The Tesla chief executive had moved to have his own agreement with securities regulators terminated, but a federal judge in New York denied that request on Wednesday, just two days after Twitter’s board agreed to Mr. Musk’s $44 billion bid to buy the company. Mr. Musk’s deal requires him to get approval for his social media posts about Tesla — the charges were related to tweets he posted saying that he had secured financing to take Tesla private — and bans him from discussing the case.
The same argument for both sides: ‘Strong, vibrant markets’
The S.E.C.’s gag order has been around since 1972. The practice, which allows settling defendants to neither admit nor deny wrongdoings on the condition that they never speak about the case in public, is meant to help the S.E.C. police the markets more efficiently.
The rationale is that if every defendant opted out of a trial but then later reframed the charges to the public, it would undermine the validity of resolutions and the legitimacy of Wall Street’s chief regulators, experts say. “It makes everything look like a sham,” said Harvey Pitt, a former agency chairman, who has little sympathy for retractors. “It’s unseemly for somebody who doesn’t admit to then violate a gag order. They have an out — refuse to settle.”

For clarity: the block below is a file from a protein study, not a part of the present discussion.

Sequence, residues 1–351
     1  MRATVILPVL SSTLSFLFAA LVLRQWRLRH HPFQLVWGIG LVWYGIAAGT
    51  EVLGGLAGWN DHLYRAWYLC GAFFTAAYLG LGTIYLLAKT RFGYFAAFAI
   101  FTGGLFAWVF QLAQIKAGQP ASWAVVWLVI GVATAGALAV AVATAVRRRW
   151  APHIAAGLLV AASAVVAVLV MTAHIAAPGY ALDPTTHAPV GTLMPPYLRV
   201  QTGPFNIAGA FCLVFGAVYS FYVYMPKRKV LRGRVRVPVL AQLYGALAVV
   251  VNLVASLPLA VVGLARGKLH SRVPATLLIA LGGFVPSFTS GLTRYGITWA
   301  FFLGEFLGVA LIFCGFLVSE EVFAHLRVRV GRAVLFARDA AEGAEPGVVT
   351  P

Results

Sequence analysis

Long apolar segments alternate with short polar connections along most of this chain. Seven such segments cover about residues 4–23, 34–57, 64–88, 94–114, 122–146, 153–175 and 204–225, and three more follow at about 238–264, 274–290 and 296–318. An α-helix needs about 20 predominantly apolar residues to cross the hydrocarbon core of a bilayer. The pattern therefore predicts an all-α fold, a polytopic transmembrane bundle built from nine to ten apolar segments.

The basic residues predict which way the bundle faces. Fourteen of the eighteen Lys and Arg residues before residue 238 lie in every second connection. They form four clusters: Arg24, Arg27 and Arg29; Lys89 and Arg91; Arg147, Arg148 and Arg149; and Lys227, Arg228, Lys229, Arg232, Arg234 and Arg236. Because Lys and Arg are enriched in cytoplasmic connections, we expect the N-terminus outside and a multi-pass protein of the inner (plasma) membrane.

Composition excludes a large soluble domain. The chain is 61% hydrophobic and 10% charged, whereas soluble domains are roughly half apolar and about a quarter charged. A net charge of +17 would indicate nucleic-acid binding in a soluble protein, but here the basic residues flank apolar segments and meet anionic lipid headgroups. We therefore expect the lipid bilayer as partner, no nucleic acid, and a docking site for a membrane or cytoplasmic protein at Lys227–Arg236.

Denials after settlement also suggest that nothing actually happened, potentially downplaying the risks surrounding an individual or entity to investors. For defendants, remaining silent about a case can be an invaluable protection. That’s a choice defendants can make, said Alma Angotti, a former enforcement lawyer at the S.E.C. and the Treasury Department: “It’s a voluntary waiver.”
But the executives in the amicus brief argue that the choice isn’t actually a choice. They say most cases end up settling because fighting the S.E.C. is too costly. Mr. Musk has said he settled because litigation would have put Tesla under too much financial pressure and jeopardized its financing.
And banning any discussions about the cases, the brief argues, actually goes against the S.E.C.’s mission to protect investors, leaving them in the dark instead about material information. The executives go on to cite the former S.E.C. chairman Arthur Levitt, who said in a 1999 speech that “quality information is the lifeblood of strong, vibrant markets.” The group argues that the S.E.C. should be “barred from discouraging full, frank, public discussion,” which ensures this vibrancy.
Next stop: A review from the high court?
Mr. Musk calls himself a “free speech absolutist” and says he believes in the unfettered flow of information within the law, as the amicus brief he joined argues to the Supreme Court.